Education system failing kids with special needs, say parents
A Hamilton, Ont., mother says she's finding she can't get the support her autistic son needs to succeed in his public school.
"I want him to succeed in life. I want him to probably go to college and the way it is right now, he won't be able to," she says.
Many other parents feel the same lack of trust in the public school system and argue inclusive classrooms don't serve the needs of children with learning disabilities and autism.
Jennifer Clowes, a mother of two sons with learning disabilities and ADHD, who are also both gifted, says one of the big problems is teachers need education — "new teachers coming in need an expanded curriculum."
Clowes argues what is needed is a big paradigm shift in terms of how educators view disabilities.
"Autism is not Rainman. Giftedness is not this genius in the classroom. My gifted kids are not geniuses in the classroom. They're really, really bright in certain areas but they are not high achievers in the classroom," she tells The Current's Anna Maria Tremonti.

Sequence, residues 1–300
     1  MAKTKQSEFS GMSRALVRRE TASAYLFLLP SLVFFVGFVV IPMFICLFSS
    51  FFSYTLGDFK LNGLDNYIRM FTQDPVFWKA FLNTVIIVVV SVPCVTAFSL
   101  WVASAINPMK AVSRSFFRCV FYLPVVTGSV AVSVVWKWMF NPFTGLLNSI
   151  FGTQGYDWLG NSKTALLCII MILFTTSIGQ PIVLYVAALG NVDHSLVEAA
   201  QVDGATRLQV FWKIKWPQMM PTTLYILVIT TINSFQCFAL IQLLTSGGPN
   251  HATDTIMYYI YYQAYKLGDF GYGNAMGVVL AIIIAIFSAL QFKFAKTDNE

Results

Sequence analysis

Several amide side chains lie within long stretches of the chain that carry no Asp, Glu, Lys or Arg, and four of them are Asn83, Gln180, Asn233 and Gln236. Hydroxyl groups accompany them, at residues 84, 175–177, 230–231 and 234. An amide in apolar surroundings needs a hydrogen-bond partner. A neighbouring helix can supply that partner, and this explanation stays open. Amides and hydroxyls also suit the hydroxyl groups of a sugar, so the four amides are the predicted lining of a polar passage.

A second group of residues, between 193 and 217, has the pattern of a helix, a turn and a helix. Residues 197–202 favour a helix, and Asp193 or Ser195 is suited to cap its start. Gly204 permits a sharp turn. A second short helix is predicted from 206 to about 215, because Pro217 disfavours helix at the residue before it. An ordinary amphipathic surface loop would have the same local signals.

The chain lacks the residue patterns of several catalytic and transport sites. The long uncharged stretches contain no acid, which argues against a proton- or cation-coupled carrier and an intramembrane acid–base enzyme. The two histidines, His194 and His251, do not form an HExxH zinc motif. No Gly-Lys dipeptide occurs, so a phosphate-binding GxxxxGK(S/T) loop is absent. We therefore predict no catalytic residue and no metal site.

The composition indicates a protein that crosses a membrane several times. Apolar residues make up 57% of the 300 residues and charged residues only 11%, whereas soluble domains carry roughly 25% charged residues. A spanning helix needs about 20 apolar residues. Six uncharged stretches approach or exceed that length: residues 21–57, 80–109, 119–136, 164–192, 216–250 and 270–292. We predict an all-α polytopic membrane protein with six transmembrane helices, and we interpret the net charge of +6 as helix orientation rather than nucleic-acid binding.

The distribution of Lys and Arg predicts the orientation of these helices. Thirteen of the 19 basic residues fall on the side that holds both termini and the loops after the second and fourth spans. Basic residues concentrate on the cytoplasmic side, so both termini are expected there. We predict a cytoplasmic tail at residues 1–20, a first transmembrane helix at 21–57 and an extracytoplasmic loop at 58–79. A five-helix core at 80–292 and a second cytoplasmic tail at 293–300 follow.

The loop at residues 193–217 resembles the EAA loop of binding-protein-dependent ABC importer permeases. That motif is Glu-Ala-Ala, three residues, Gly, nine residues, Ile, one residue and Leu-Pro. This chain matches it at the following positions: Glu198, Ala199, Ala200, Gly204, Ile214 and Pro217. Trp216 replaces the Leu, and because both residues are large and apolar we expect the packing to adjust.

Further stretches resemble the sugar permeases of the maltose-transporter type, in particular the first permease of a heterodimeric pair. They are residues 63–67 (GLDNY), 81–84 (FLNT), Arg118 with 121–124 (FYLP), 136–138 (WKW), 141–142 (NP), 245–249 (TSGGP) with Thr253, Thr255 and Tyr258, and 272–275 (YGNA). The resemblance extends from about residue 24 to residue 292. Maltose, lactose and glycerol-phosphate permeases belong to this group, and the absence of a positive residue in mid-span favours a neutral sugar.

"We've had teachers say, 'You're in the gifted program, why are you failing my class then?' and that's not helpful for anybody. These kids are trying as hard as they can and they just need to be supported by people who really understand them."
Chantelle Morvay-Adams, who is also a mother of a special needs child, agrees education is important and can address the biases that she says still exist towards people with special needs.
"I myself have started the inclusion subcommittee at my school to help support all our children that are different — our diversity."
Morvay-Adams suggests professionals that work with special needs children need to be properly trained.
"Everybody that works in the school system would really benefit from having, not just a voluntary class, but a class that you have to take that is about our children because you can't help them if you don't know them."
When teachers are struggling with their students, Clowes calls on those educators to make their voices known.
"They need to be brave enough to push up to their superiors to ask for help," she tells Tremonti.
"And if they can't get it from their superior, they need to go up and then the next person needs to go up and the next person needs to go up. People need to hear this. It can't just be the parents."
Morvay-Adams says a public school system needs to be accessible to all students.
"Our children have the right to an equitable ... quality education."
Listen to the full segment near the top of this web post.
This segment was produced by The Current's Willow Smith, Samira Mohyeddin and Mac Cameron.